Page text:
FDA Approves Safety Label Changes for Fluorouracil Injection

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The FDA strengthened safety warnings for fluorouracil due to dihydropyrimidine dehydrogenase deficiency that can cause severe adverse effects.

  • The FDA updated the label to warn about serious and potentially fatal adverse effects (AEs) in patients with a genetic condition called (dihydropyrimidine dehydrogenase) DPD deficiency.
  • The updates target 3 sections of the label: «Warnings and Precautions,» «Patient Counseling Information,» and «Clinical Pharmacology.»
  • The new label advises against using fluorouracil for patients with specific genetic variations linked to complete or near-complete absence of DPD activity.

Safety label changes for fluorouracil injection products have been approved by the FDA. Additional information regarding the risk of serious AEs in patients with DPD deficiency will now be included.1

Though the initial approval for fluorouracil injection was granted in 1962 for the treatment of colon and rectum adenocarcinoma, breast adenocarcinoma, gastric adenocarcinoma, and pancreatic adenocarcinoma, the regulatory agency made changes to the safety label after safety information regarding the risk of serious AEs related to fluorouracil use in patients with DPD deficiency was noted. These new changes align with those made to the prescribing information for capecitabine (Xeloda), which was amended in December 2022.

Revisions on the fluorouracil label have been made to the “Warnings and Precautions,” “Patient Counseling Information,” and “Clinical Pharmacology” sections.2

The updated label under the “Warnings and Precautions” sections states that fluorouracil can cause serious and fatal AEs among patients with certain homozygous or compound heterozygous DPYD variants associated with complete or near complete absence of DPD activity. Specifically, the agent is not recommended for patients at elevated risk for acute, early-onset toxicities, which could be serious or fatal, including mucositis, diarrhea, neutropenia, and neurotoxicity. There is also a risk for those with partial DPD deficiency.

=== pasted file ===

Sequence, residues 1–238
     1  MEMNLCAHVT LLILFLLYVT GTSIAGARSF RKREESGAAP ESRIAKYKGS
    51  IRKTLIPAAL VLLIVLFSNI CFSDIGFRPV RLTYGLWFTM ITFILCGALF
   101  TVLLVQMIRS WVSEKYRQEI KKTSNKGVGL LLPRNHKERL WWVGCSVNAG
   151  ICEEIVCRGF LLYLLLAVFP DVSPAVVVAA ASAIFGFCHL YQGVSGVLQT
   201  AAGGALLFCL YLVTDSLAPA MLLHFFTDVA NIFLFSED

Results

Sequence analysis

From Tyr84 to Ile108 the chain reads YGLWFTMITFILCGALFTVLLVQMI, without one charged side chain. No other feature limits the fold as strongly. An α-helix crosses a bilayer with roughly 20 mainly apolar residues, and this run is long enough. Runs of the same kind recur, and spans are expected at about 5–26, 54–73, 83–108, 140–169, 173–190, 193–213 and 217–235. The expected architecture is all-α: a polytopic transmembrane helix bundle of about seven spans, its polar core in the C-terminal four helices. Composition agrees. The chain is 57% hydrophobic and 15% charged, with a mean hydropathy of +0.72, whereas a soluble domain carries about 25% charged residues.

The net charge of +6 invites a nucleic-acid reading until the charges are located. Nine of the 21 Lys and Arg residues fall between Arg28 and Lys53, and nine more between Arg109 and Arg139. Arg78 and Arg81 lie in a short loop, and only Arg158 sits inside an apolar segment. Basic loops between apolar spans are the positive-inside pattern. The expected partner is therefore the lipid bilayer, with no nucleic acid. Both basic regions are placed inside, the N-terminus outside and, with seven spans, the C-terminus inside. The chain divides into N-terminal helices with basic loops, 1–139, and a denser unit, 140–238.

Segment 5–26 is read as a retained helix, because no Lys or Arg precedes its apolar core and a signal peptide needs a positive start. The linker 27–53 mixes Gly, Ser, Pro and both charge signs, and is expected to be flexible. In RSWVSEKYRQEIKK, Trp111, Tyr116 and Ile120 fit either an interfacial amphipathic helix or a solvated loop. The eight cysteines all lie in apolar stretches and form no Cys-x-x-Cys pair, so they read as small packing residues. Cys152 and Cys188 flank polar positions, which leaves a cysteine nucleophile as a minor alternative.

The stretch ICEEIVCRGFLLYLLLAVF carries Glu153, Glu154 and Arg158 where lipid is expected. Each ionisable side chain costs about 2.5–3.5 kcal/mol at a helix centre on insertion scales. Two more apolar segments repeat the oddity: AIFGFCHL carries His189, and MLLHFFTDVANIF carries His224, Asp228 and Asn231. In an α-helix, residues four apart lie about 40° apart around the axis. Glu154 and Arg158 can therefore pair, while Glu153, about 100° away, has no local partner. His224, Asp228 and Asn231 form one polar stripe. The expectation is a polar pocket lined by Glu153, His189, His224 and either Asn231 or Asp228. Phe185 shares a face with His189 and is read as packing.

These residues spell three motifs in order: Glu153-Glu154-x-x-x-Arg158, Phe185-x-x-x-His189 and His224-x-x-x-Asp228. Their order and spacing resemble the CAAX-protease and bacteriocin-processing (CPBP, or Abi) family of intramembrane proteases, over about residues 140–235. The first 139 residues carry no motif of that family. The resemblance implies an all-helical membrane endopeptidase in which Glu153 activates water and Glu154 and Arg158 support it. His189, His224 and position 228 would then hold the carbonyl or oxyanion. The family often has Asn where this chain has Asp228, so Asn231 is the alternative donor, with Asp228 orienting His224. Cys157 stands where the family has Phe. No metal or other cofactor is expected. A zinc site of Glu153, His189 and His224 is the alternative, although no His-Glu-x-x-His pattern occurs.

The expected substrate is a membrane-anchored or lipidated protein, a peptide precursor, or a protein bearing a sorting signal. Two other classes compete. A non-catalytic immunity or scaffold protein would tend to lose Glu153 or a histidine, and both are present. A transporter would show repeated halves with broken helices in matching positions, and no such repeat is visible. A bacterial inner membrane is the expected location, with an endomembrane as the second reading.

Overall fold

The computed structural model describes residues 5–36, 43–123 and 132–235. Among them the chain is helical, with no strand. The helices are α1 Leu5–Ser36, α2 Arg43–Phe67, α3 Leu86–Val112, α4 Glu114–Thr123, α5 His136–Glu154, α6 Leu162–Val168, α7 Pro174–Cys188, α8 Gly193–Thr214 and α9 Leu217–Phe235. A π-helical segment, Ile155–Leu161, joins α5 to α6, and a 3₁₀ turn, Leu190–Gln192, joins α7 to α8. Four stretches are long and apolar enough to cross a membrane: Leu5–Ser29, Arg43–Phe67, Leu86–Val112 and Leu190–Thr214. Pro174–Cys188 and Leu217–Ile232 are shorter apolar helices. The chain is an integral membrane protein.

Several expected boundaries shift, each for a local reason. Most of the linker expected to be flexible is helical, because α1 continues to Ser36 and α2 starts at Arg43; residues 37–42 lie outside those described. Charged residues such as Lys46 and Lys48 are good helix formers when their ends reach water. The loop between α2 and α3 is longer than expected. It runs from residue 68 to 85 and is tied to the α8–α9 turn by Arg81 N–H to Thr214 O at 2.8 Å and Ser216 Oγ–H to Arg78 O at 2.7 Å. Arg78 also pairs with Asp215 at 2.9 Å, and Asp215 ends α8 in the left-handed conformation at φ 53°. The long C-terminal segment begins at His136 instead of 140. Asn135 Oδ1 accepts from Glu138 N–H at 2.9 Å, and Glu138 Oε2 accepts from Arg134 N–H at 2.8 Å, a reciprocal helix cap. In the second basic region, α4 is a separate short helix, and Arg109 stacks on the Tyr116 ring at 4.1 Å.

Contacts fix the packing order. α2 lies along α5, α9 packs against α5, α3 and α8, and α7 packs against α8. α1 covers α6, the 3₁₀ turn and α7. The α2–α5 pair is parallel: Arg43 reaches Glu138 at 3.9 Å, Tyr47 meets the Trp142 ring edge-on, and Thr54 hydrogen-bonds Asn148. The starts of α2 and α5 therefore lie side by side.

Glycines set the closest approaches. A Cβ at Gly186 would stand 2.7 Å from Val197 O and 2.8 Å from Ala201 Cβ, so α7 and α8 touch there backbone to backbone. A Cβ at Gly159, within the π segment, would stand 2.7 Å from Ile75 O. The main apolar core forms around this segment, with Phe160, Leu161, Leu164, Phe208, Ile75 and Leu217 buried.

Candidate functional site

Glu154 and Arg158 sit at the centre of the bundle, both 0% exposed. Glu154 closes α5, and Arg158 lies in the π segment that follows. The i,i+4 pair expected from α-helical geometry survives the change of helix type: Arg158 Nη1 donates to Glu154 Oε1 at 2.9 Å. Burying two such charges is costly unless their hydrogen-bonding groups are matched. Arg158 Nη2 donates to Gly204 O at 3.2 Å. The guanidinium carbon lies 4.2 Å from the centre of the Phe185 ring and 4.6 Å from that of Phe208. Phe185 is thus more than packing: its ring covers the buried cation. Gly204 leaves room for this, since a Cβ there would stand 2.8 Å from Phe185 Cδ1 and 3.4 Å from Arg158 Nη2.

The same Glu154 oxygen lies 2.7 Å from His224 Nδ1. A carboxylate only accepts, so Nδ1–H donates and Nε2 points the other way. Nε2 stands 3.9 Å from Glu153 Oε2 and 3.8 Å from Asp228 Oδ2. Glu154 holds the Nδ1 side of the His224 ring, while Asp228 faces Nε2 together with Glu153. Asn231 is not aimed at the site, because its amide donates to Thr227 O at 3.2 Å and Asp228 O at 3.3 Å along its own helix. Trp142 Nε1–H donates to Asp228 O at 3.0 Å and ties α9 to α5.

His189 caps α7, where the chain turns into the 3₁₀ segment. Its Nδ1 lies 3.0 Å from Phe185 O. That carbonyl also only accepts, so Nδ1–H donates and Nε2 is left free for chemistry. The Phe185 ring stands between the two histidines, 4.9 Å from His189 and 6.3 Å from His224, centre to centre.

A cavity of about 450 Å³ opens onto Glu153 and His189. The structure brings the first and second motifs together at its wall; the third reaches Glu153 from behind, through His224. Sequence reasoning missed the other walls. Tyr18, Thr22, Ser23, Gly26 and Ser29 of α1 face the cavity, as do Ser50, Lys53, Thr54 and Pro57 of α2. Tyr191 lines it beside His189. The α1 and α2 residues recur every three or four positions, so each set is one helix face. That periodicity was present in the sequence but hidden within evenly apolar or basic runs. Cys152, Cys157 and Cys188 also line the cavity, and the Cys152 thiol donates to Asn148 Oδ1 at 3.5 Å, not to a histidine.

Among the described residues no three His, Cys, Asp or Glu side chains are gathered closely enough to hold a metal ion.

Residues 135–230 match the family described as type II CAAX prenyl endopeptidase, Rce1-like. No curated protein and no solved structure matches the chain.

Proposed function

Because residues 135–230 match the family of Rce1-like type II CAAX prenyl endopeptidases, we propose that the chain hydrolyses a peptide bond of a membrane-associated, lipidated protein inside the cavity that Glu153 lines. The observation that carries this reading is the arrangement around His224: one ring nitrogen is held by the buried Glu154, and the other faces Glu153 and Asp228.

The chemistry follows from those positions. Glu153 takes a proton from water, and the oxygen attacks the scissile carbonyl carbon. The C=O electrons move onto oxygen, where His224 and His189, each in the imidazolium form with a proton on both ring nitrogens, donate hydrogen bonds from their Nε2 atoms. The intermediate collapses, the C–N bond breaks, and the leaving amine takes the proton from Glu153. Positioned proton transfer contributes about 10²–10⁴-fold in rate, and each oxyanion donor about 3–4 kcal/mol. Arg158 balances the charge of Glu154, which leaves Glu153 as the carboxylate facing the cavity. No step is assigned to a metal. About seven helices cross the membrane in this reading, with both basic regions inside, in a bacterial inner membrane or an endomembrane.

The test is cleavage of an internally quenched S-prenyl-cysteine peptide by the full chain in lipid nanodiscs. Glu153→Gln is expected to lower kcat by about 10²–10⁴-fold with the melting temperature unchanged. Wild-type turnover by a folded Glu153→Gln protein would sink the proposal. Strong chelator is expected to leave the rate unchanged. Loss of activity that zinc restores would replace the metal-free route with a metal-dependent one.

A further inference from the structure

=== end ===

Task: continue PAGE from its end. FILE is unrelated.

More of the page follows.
If patients treated with fluorouracil injection products have evidence of acute, early-onset, or unusually severe reactions, the agent should be withheld or discontinued as no fluorouracil dose has been proven safe for patients with complete DPD deficiency, and insufficient data are available to recommend a specific dose in patients with partial DPD deficiency

While no specific DPD tests are currently FDA-approved, genetic testing may be considered to help determine if fluorouracil is safe. The updated label also emphasizes the importance of patients being informed about these potential AEs and instructed to report them immediately to their doctor.

About DPD

The gene DYPD encodes an enzyme called DPD, which is responsible for breaking down more than 80% of fluorouracil. While partial DPD deficiency occurs in approximately 3% to 5% of White patient populations, complete DPD deficiency is even more rare at around 0.2% of White patients. It is important to note that these rates of DPD deficiency are higher in Black patient populations. However, there is not enough data to estimate the proportion of DPD deficiency in non-White populations.

Researchers have identified 4 specific genetic variations (c.1905+1G>A [DPYD *2A], c.1679T>G [DPYD *13], c.2846A>T, and c.1129-5923C>G [Haplotype B3]) that can reduce DPD activity.

Fuente: https://www.targetedonc.com/view/fda-approves-safety-label-changes-for-fluorouracil-injection